A U.S. Army soldier pleaded guilty Friday to colluding with an extremist group to carry out an attack on his unit.
U.S. Army Private Ethan Melzer coordinated with members of the group Order of Nine Angles (O9A), a U.K. group with “neo-Nazi, anti-Semitic, and Satanic beliefs,” to attack his unit, the Department of Justice (DOJ) said Friday in a press release. Melzer has been a member of the group since at least 2017.
“As he admitted in court today, Ethan Melzer attempted to orchestrate a murderous ambush on his own unit by unlawfully disclosing its location, strength, and armaments to a neo-Nazi, anarchist, white supremacist group,” U.S. Attorney Damian Williams said in a statement.
“The defendant believed he could force the U.S. into prolonged armed conflict while causing the deaths of as many soldiers as possible. Melzer’s traitorous conduct was a betrayal of his storied unit and nothing short of an attack against the most essential American values. Thanks to the incredible work of the FBI and the U.S. Army, Melzer’s duplicity was revealed and his murderous attack thwarted,” he added.
Federal agents arrested Melzer on June 10, 2020, and charged the 22-year-old Louisville man with, “conspiring and attempting to murder U.S. nationals, conspiring and attempting to murder military service members, providing and attempting to provide material support to terrorists, and conspiring to murder and maim in a foreign country,” the DOJ said at the time. Melzer pleaded guilty to the charges and was expected to stand trial next month.
Melzer joined the Army in 2018 and, as a member of the O9A, sought to infiltrate the U.S. military. In October 2019, Melzer deployed to Italy with the 173rd Airborne Brigade Combat Team. In May 2020, Melzer and his unit were reassigned to guard a military installation in Turkey.
After receiving the new assignment, Melzer began passing along classified information about his unit and its mission to members of the O9A to plan an attack on the U.S., an attack in which Melzer said he was willing to die in. “I would’ve died successfully,” he wrote to members of O9A.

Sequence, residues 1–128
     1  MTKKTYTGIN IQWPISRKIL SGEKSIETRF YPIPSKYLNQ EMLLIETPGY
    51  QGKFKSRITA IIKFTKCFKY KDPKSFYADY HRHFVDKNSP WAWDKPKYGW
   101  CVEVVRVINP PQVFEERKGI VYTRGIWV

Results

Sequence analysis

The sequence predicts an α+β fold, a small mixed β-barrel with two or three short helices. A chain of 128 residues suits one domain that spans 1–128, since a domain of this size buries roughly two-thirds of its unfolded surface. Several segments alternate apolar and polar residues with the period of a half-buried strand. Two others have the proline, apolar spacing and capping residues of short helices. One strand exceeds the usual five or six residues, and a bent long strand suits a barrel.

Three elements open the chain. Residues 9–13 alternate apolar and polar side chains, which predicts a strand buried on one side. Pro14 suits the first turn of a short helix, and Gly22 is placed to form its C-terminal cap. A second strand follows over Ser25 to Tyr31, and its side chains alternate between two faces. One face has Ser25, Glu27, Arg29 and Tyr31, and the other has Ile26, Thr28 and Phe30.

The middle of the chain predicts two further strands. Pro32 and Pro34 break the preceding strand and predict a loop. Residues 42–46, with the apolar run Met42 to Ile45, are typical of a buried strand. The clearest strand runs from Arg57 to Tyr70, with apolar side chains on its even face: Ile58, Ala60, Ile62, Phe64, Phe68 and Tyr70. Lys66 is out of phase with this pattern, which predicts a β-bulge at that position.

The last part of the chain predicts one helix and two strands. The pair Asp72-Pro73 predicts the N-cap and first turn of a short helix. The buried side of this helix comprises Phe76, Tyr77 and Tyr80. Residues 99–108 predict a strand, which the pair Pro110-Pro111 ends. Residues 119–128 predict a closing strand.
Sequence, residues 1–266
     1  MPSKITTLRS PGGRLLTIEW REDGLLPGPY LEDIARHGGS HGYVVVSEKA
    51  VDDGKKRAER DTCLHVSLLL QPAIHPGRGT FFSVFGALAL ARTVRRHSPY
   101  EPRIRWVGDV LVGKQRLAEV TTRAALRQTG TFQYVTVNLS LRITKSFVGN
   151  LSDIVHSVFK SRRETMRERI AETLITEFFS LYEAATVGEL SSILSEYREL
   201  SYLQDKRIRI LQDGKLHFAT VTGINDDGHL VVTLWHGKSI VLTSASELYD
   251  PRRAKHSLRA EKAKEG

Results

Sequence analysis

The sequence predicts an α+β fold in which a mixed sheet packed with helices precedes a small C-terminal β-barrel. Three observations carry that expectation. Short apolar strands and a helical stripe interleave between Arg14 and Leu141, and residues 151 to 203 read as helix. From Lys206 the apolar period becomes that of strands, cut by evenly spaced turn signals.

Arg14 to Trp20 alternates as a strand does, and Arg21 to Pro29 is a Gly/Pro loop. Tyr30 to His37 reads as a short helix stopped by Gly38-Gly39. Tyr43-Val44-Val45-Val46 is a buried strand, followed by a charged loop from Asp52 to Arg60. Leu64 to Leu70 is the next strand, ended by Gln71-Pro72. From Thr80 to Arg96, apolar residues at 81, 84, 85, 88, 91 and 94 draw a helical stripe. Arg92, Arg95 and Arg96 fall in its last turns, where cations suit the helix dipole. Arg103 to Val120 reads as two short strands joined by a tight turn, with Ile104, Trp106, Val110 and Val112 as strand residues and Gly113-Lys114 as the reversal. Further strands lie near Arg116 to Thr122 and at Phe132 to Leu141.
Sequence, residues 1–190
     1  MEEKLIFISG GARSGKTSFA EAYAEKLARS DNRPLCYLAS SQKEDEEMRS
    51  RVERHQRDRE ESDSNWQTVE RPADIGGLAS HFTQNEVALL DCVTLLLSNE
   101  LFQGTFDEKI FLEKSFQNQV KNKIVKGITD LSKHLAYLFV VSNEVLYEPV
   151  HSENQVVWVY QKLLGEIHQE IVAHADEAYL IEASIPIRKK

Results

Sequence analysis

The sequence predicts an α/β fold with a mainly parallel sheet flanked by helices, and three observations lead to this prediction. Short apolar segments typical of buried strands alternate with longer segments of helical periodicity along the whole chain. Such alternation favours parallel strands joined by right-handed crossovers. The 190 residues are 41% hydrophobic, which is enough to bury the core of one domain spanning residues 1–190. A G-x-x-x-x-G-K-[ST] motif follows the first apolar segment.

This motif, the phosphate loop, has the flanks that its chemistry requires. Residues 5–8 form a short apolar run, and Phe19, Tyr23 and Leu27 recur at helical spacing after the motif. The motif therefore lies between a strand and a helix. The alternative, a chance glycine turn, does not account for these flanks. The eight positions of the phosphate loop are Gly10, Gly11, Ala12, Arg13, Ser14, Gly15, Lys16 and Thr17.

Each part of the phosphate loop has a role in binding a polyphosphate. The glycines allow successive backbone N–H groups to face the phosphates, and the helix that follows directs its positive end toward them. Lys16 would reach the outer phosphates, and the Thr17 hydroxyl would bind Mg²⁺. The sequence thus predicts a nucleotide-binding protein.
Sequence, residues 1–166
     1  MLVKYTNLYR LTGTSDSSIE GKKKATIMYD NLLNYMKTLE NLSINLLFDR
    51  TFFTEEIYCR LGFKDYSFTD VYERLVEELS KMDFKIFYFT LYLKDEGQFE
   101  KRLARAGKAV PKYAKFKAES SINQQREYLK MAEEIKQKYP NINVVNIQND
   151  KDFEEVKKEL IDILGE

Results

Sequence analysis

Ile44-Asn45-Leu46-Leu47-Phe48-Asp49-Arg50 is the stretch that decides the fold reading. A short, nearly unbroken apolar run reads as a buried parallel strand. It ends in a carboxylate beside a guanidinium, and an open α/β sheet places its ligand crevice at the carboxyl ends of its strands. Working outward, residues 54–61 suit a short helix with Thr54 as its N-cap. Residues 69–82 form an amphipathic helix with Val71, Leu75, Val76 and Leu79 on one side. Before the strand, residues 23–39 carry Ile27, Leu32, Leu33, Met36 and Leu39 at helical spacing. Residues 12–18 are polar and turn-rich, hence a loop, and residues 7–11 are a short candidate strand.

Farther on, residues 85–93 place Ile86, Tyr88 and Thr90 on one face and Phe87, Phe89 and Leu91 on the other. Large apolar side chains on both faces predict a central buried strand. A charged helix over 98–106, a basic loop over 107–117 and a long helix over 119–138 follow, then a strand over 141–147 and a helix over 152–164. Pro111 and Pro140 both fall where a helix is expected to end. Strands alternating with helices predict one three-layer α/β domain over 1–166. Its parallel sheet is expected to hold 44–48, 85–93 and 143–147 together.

“[Y]ou just gotta understand that currently I am risking my literal free life to give you all this,” Melzer told members of O9A. Melzer and the other O9A members referred to the object of their planning as a “jihadi attack” and “mass casualty” event.
At the same time, Melzer was also accessing and reading extremist materials from a number of groups, including O9A and ISIS. Melzer and members of O9A also passed messages along to someone Melzer believed to be a member of the al-Qaeda terror group.
Federal authorities tracked and arrested Melzer in part because of information passed through and access to messages granted by Joshua Caleb Sutter, a reported Satanist, and propagandist for the O9A who has worked as a paid informant for the FBI since 2004, according to Rolling Stone. The FBI often uses such messengers as informants because they are typically well-connected within extremists’ communities but refrain from participating in criminal conduct.
Sutter’s involvement in the case has raised questions over the FBI’s role in taking down potentially deadly attackers.
“The confidential informant has been mismanaged for decades — that’s a very fraught enterprise, the idea that you’re going to go out and find people with firsthand knowledge of criminal activity and to the extent they’re cooperating with you, it’s because they’re betraying their colleagues,” former FBI agent Mike German, who infiltrated white supremacist groups in the 1990s, told Rolling Stone. “Where the FBI gets in trouble all the time is ignoring the crimes the informants are committing.”
“Originally, they must’ve thought signing up a propagandist who agreed not to engage in criminal activity was appealing,” German continued, referring to the FBI’s hiring of Sutter. “To the extent that this guy is sending this ideology into the ether for everyone to absorb — how many others are following through and acting on it?”